Long-term disability insurance generally covers a wide variety of medical conditions. Although no two insurance policies are exactly alike, some general similarities do exist.

Here are some of the most common qualifying medical conditions and what you need to know about getting long-term disability benefits.

Common qualifying medical conditions

Long-term disability covers restrictions and limitations caused by injuries or illness. These benefits generally start after your short-term disability benefits are exhausted.

Some of the most common medical conditions that qualify for long-term disability are:

  • Mental health-related disorders, e.g., generalized anxiety, major depressive, bipolar, and post traumatic stress disorder (PTSD)
  • Musculoskeletal disorders, e.g., carpel tunnel syndrome, osteoarthritis, rheumatoid arthritis (RA), fibromyalgia, degenerative disc disease, failed back syndrome, and injuries to the thoracic or cervical Spine
  • Traumatic brain injury
  • Cancer
  • Chronic obstructive pulmonary disease (COPD)
  • Crohn’s disease
  • Diabetes
  • Heart disease
  • Multiple sclerosis (MS)
  • Parkinson’s disease

This is just a snapshot of potential qualifying conditions, which will vary from policy to policy.

How is coverage determined?

How does a disability insurance company determine if your medical condition qualifies for long-term disability coverage? This is where things get complicated.

Proof of disability

First, your disability insurance company will require that you provide proof of your disability.

In your insurance policy, this process is outlined under a section often titled “Proof of Claim.” You will have to send notice to your insurance company, and then complete and file all claim forms and any other information requested.

The claims process can be quite involved. It may take anywhere from a couple of weeks to a few months to complete, depending on the severity of your injury or illness.

Definition of disability

Your insurance policy will outline its own specific definition of a long-term disability. This definition is generally based on whether you can work in your “own occupation” or “any occupation.”

  • Own occupation: You are disabled if you’re medically unable to carry out the duties of your own particular job. This is often based on how that job is defined in the national economy, not your specific employer. This coverage typically only lasts 24 months under most policies.
  • Any occupation: After the initial 24 months, your disability is defined more narrowly. In most cases, you have to either prove that you’re unable to perform the duties of any job whatsoever, or that you’re unable to make at least a certain percentage of your income prior to becoming disabled.

As you can see, under most long-term disability policies, it becomes much more difficult to qualify for benefits after 24 months.

How long will your medical condition be covered?

Qualifying medical conditions are typically covered for the life of the policy, as long as you remain disabled under the policy. It’s common for insurance policies to terminate at age 65 or your maximum Social Security Retirement Age (SSRA), whichever is longer. However, there are some exceptions.

Limitations and exclusions

Most long-term disability policies contain “limitations to coverage” and “exclusions to coverage.”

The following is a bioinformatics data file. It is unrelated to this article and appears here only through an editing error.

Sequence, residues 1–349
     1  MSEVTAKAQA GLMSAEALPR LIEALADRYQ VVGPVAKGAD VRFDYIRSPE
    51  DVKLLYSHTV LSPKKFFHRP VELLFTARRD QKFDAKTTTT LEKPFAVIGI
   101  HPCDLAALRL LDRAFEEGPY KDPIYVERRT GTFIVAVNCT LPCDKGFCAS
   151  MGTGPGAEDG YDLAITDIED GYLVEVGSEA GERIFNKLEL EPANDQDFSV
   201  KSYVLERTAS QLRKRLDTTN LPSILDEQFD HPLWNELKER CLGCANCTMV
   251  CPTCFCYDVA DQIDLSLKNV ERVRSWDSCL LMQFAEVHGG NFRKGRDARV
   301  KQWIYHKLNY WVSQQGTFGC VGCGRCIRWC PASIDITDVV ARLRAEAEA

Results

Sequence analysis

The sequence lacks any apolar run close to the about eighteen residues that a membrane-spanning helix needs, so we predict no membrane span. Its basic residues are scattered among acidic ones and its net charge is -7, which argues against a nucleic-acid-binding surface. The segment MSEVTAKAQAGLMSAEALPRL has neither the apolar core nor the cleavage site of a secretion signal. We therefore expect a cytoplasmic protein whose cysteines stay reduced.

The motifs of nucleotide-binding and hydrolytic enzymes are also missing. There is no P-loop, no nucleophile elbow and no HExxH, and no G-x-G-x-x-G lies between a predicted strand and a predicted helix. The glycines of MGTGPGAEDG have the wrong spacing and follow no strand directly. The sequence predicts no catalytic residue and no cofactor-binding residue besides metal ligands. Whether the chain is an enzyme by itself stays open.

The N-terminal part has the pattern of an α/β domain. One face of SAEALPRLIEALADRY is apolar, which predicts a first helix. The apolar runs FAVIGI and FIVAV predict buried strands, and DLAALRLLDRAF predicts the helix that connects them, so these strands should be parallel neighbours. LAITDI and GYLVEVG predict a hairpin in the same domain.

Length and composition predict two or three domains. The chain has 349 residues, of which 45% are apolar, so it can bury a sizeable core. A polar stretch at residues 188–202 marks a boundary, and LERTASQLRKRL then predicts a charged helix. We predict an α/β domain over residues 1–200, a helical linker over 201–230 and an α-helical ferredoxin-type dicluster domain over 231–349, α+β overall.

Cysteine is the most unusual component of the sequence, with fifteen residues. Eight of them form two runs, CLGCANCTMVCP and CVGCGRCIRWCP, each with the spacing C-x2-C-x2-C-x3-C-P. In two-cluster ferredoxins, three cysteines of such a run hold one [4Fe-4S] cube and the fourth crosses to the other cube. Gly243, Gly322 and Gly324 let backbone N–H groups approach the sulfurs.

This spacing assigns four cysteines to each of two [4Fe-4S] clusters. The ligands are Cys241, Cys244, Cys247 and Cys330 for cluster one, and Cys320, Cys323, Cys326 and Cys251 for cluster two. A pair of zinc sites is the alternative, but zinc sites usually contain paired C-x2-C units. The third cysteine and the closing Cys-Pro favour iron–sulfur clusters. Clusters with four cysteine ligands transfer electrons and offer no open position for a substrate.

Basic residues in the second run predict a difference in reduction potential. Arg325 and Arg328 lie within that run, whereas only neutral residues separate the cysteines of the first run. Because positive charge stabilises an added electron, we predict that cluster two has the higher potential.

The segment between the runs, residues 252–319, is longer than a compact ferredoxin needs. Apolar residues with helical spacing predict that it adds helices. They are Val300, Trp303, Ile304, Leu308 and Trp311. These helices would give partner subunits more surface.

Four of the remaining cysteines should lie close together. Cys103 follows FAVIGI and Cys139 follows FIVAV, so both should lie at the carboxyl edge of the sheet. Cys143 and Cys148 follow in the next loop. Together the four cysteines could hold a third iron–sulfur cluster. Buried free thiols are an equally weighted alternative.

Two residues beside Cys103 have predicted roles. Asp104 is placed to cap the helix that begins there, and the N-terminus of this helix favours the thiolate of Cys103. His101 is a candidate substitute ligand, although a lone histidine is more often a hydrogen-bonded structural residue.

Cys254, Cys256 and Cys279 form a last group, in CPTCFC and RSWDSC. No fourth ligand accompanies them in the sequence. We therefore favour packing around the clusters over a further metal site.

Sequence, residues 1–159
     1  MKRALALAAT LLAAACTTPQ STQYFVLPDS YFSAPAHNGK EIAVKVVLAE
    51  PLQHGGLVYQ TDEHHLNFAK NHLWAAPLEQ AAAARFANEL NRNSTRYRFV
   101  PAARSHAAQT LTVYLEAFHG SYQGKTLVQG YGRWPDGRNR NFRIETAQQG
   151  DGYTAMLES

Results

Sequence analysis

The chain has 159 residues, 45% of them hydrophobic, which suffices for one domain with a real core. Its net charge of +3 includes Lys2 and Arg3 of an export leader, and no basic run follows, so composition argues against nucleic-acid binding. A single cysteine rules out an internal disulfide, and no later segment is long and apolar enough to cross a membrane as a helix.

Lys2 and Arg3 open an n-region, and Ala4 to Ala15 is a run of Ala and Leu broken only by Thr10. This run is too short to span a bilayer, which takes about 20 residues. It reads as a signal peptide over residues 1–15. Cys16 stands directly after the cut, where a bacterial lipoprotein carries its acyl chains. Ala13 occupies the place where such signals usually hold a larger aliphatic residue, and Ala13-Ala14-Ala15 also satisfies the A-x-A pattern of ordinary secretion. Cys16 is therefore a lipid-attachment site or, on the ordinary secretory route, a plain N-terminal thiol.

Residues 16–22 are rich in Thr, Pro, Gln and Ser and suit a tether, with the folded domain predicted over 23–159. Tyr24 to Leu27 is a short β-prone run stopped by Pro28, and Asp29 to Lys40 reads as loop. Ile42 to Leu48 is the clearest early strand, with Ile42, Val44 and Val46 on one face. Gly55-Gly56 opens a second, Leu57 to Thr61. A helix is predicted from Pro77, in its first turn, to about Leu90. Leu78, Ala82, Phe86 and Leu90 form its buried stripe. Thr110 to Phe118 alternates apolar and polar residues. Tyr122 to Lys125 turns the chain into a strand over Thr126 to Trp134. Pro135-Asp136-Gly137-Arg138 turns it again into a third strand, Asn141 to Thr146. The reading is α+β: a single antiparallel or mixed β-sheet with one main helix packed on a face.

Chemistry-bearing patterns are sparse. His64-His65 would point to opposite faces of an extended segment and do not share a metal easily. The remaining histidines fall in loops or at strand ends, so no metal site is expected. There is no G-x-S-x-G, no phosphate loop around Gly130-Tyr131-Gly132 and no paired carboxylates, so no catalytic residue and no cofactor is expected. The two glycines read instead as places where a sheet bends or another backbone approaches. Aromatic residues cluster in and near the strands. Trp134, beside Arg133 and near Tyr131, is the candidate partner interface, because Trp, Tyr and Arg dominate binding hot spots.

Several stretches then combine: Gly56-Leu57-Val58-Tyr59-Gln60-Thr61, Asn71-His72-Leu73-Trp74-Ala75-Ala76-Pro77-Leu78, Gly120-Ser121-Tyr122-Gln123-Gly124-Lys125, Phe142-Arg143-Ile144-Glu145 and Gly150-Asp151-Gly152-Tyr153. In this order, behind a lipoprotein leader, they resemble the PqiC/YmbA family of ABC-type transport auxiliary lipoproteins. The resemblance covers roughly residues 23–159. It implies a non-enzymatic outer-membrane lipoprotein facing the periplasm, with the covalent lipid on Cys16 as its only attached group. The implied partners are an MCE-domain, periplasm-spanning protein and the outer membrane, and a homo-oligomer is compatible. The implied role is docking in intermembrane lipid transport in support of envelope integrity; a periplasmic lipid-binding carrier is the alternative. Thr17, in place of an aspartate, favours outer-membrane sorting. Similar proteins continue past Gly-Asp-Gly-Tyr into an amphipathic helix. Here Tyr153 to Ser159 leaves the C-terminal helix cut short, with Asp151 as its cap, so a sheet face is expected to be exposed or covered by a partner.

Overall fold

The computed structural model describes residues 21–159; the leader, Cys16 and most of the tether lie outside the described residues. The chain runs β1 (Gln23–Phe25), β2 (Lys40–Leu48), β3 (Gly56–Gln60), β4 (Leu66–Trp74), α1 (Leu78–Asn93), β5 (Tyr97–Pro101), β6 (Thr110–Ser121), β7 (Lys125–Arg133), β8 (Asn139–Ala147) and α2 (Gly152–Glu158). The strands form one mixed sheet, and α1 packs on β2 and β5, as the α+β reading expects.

• Limitations to coverage: The condition is only covered for a period of time.
  • Exclusions to coverage: The condition is not covered at all.

For example, most policies contain a two-year limitation of coverage for mental health-related disabilities. They also typically include a complete exclusion for conditions that are deemed pre-existing.

The legal fight over what is a limitation or exclusion can get very detailed. You should never immediately accept what your insurance company says is a limitation or an exclusion. Be sure to first consult an attorney to review your policy and verify this for you.

Our team at Roy Law Group knows disability insurance law inside and out. Reach out to us anytime for help with understanding the fine print of your policy.

What can cause a long-term disability claim denial?

Unfortunately, disability insurance companies will look to “punch holes” in your claim. It’s not unusual for benefits to be denied based on a very minor error in your file or a missing document. Delays and claim rejection can quite literally change your future well-being.

Some common mistakes that lead to claim denials include:

  • Failure to go for regular medical treatment: Your insurance company will expect you to visit your primary care physician and appropriate specialists on a regular basis.
  • Missing medical records or other required documentation: Be proactive. Don’t assume your disability insurance company is diligently collecting your records. Ask for a list of records it has requested and received.
  • Missed deadlines: Pay careful attention to filing deadlines. This becomes most important when filing an appeal if your claim is denied.

Learn more about why long-term disability claims get denied here.

Get help with securing your benefits

Filing a disability claim can be a confusing and stressful process. There are many potential pitfalls that can lead to your claim being denied. It is not the time to gamble on losing the continued care you need.

You are not alone. Our compassionate and caring team of long-term disability attorneys are here to help you win and heal.

Contact Roy Law Group today for help with navigating this complicated process.